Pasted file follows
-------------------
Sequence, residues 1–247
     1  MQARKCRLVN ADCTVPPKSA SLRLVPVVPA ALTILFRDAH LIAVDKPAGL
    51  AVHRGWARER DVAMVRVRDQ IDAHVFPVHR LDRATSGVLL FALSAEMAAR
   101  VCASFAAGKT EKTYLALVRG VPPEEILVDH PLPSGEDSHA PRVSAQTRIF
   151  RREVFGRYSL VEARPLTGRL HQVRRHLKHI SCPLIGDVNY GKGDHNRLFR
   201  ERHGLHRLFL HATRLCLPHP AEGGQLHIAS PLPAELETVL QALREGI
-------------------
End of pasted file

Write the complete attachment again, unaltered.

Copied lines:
Sequence, residues 1–247
     1  MQARKCRLVN ADCTVPPKSA SLRLVPVVPA ALTILFRDAH LIAVDKPAGL
    51  AVHRGWARER DVAMVRVRDQ IDAHVFPVHR LDRATSGVLL FALSAEMAAR
   101  VCASFAAGKT EKTYLALVRG VPPEEILVDH PLPSGEDSHA PRVSAQTRIF
   151  RREVFGRYSL VEARPLTGRL HQVRRHLKHI SCPLIGDVNY GKGDHNRLFR
   201  ERHGLHRLFL HATRLCLPHP AEGGQLHIAS PLPAELETVL QALREGI